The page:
Heart, Take Care" back-eddy while he leans into and opens upthe song's long vowels. It's almost as though the singer werepausing for a friend—that's us—to catch up, to keep him companyjust before he turns to dive into the reprise. In fact, friendship is arecurring theme in this album. The second song is ‘Friend of Mine’but other lyrics remind us ‘to keep it close’ so that what countsdoesn't go ‘asunder.’ Pete's voice has an easy, unfeignedsweetness tinged with melancholy, and its warmth blowsconvincingly behind the alternately precise and fuzzy guitarnotation that gives the album its definitive sound." The intimacy that Gander and Baker observe comes of both formand function for Pete: a desire to keep things simple aestheticallybut also the limitations of time and money. His bandmate inMarie/Lepanto, Will Johnson, taught him by example how to builda record by yourself; Pete followed this method, playing all of theinstruments except keyboards. “Will is a hero of mine and I’dgrown to admire his way of working. We made the Marie/Lepantorecord in 3 ½ - 4 days and looking back, I was taken aback thatwe were able to do that. I take a lot of cues from Will,” he reflects.It freed him. The effect is cinematic yet direct, wind across theplains at times, humidity you can feel at others, and theoccasional glimpse of a promised coastline, all of it from a viewalways in motion. The sounds also provide a backdrop of a complicated world forPete to approach his type of makeshift, hard-won providence. Theunderlying message is of hope, to others as well as himself. Hestates, “Here I’ve fumbled my way, as always, and of necessity,into a collection of songs that hold a light to the joys and comfortsof life not given up on, those that appear over time as we arelooking elsewhere, to surprise and delight us when we need themmost. Sure, it’s me, so there are glimpses of and nods to the dark,but the dark is not winning anymore. I simply mean toacknowledge its presence. To me, that’s the most fundamental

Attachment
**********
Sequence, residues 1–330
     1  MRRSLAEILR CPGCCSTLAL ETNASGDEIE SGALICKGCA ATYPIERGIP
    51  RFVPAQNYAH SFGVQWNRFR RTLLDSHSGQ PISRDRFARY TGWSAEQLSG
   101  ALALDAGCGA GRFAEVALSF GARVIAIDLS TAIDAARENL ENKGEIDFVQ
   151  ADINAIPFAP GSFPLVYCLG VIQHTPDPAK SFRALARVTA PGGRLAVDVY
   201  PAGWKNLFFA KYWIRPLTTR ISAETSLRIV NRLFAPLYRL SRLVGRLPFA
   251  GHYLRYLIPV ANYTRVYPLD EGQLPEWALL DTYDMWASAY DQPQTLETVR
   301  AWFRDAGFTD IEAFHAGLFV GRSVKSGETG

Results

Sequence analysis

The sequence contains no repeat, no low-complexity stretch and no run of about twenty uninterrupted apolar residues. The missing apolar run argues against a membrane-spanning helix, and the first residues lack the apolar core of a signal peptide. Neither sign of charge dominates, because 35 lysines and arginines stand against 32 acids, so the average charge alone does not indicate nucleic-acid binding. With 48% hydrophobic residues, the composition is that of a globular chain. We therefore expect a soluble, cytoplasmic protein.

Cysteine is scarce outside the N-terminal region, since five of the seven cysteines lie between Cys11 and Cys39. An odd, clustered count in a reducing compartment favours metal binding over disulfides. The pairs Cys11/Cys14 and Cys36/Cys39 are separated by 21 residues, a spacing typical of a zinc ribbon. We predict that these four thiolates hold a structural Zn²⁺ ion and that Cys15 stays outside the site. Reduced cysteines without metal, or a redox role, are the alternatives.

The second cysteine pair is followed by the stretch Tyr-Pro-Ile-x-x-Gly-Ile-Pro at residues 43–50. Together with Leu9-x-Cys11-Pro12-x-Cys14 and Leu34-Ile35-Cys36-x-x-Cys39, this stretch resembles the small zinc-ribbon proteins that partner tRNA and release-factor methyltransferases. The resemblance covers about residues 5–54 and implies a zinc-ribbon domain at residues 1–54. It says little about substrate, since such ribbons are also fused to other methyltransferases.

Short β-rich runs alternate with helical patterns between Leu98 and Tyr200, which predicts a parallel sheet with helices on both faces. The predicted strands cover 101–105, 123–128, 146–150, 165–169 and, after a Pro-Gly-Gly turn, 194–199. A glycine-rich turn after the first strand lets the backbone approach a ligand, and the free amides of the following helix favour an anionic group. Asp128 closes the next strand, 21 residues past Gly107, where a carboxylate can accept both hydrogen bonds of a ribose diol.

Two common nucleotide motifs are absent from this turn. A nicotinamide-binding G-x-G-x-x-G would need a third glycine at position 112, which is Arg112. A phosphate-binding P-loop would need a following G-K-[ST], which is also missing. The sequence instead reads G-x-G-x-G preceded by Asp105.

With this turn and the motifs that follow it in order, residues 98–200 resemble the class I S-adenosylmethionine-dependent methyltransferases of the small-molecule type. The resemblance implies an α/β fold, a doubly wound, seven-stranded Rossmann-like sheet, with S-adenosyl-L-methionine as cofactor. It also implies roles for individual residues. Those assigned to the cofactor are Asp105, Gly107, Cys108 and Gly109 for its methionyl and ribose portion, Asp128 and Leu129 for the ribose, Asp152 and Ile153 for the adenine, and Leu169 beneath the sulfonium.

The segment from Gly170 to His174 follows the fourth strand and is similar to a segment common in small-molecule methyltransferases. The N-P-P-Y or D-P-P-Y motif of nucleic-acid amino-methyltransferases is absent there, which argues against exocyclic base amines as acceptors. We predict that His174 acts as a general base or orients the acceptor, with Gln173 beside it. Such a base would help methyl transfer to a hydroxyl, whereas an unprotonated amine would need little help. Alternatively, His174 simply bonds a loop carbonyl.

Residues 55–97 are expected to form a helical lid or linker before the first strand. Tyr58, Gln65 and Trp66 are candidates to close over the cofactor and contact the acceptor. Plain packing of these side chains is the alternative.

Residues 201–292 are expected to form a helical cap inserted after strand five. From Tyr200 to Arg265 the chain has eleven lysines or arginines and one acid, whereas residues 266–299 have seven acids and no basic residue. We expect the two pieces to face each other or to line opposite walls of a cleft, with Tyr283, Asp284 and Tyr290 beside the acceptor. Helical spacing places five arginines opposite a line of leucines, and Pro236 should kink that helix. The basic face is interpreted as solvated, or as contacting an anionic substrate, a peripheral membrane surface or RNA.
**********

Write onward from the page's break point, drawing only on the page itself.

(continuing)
job of songs, of stories, of all art—to be allies, friends,companions, when we need them most and it’s my hope thatthese songs can do that work in a world that seems to need it.” So what does a songwriter do when he finds contentment? Hetries to pass on what he knows in hopes of helping the nextperson.

Spencer Thomas

Spencer Thomas is a born and bred Mississippian living in the state’s capital of Jackson. After putting college on hold (for rock ‘n roll) in 2014, he’s been on the road with Alt-Country band Young Valley singing and playing drums. “I’ve co-written songs with Zach Lovett of Young Valley for about 8 years. I had enough tunes that didn’t quite vibe with the sound of the band in my back pocket that I decided to book some studio dates.”

With spare time off the road and a lot of sock drawer money, Spencer recorded “Hangin Tough” at Dial Back Sound in Water Valley over the course of 2018 with engineer Bronson Tew on bass (and the board), Ethan Frink on drums, and Kell Kellum on guitar. “We approached the record with broad strokes. We wanted to make sure each part made a statement without shifting any focus away from the song. I think you can hear that when listening to the record.”

Tuesday, 17. September 2019, Baltimore, Justin Peter Kinkel Schuster (full band) and Spencer Thomas (full band)